Beyond not applying lubricant at all, another mistake is not applying enough lubricant. So use more lube than you’d expect to need, and you and your partner should have a good time.

3. Keep It Real With Your Partner

Anal sex can be a pleasurable experience for both partners. It can also be uncomfortable, painful, and even messy.

This is why it’s so important that you’re able to keep it real with your partner.

This means being able to communicate openly, but also not taking yourself too seriously.

Pain happens. So if you don’t feel comfortable voicing yourself with your partner, then it’s important you practice prior to anal sex. If your partner has a habit of not respecting your voice, then that’s a larger issue that should be addressed outside of the bedroom.

Remember, you have a right to feel respected and heard. Especially during sexual encounters.

Poop can happen, too. Even if you’ve done a thorough job of emptying your bowels and cleaning yourself prior to sex. So have open talks with your partner about the possibility. You may even feel more comfortable if you have a plan in place (like always having a towel or wet wipes on hand).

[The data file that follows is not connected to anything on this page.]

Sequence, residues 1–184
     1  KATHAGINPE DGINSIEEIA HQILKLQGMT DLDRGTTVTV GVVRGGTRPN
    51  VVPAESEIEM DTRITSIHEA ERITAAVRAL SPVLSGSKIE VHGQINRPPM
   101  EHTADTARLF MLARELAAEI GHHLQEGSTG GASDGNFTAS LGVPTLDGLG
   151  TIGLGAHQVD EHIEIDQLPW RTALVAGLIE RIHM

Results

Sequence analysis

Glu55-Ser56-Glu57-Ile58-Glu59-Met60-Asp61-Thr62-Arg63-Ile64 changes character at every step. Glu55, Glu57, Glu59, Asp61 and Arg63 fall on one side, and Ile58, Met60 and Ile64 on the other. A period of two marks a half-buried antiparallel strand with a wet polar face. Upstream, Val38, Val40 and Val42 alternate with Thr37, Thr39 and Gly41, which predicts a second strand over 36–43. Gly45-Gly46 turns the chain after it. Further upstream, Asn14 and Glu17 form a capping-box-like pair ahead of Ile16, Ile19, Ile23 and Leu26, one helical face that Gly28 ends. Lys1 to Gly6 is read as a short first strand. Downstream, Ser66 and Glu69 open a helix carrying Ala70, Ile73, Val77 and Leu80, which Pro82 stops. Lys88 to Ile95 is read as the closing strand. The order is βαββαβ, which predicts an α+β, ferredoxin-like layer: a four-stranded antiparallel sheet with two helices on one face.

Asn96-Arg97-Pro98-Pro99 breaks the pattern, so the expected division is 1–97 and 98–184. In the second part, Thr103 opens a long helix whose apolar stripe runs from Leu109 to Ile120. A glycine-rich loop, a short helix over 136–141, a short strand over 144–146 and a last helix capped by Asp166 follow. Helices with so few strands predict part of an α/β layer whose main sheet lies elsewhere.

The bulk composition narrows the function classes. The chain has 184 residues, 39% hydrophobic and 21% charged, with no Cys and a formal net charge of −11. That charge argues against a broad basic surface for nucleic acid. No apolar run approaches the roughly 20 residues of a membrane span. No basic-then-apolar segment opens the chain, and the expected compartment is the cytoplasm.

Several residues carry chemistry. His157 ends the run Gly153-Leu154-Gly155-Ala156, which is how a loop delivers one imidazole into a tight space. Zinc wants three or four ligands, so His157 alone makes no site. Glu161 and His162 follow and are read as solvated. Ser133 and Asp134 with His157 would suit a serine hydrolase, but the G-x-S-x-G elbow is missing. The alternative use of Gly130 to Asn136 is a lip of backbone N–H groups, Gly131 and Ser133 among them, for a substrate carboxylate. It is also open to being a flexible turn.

4. Take Your Time

If you’re new to anal sex, or if you’ve never enjoyed it before, then it’s important that you take your time before and during.

While arousal isn’t necessary for the same reasons it is for vaginal sex (lubrication, blood flow), arousal can still make anal penetration more fun.

So make sure you take time before anal sex for proper foreplay.

Foreplay doesn’t have to be extensive.

Kissing, caressing, and heavy petting can be more than enough to get both you and your partner aroused.

As for taking your time during anal sex, it’s important you communicate with your partner.